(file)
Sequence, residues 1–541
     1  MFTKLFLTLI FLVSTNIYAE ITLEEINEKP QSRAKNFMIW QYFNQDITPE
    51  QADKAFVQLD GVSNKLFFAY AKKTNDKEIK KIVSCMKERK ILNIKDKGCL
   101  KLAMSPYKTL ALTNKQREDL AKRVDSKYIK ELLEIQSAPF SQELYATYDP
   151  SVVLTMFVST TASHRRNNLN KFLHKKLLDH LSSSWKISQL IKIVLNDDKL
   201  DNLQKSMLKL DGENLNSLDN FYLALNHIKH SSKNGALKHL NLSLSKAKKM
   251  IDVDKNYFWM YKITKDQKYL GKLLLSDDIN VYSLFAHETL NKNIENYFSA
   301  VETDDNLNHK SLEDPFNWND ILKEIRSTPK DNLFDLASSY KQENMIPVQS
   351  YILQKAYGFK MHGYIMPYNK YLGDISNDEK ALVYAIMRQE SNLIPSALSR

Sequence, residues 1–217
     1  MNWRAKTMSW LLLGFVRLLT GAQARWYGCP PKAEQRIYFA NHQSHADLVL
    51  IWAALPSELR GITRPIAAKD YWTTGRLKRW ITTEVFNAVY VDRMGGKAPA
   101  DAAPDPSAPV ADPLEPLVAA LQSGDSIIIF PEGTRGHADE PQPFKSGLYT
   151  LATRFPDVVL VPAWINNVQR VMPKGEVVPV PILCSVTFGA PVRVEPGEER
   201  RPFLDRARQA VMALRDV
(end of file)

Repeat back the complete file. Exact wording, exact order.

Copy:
Sequence, residues 1–541
     1  MFTKLFLTLI FLVSTNIYAE ITLEEINEKP QSRAKNFMIW QYFNQDITPE
    51  QADKAFVQLD GVSNKLFFAY AKKTNDKEIK KIVSCMKERK ILNIKDKGCL
   101  KLAMSPYKTL ALTNKQREDL AKRVDSKYIK ELLEIQSAPF SQELYATYDP
   151  SVVLTMFVST TASHRRNNLN KFLHKKLLDH LSSSWKISQL IKIVLNDDKL
   201  DNLQKSMLKL DGENLNSLDN FYLALNHIKH SSKNGALKHL NLSLSKAKKM
   251  IDVDKNYFWM YKITKDQKYL GKLLLSDDIN VYSLFAHETL NKNIENYFSA
   301  VETDDNLNHK SLEDPFNWND ILKEIRSTPK DNLFDLASSY KQENMIPVQS
   351  YILQKAYGFK MHGYIMPYNK YLGDISNDEK ALVYAIMRQE SNLIPSALSR

Sequence, residues 1–217
     1  MNWRAKTMSW LLLGFVRLLT GAQARWYGCP PKAEQRIYFA NHQSHADLVL
    51  IWAALPSELR GITRPIAAKD YWTTGRLKRW ITTEVFNAVY VDRMGGKAPA
   101  DAAPDPSAPV ADPLEPLVAA LQSGDSIIIF PEGTRGHADE PQPFKSGLYT
   151  LATRFPDVVL VPAWINNVQR VMPKGEVVPV PILCSVTFGA PVRVEPGEER
   201  RPFLDRARQA VMALRDV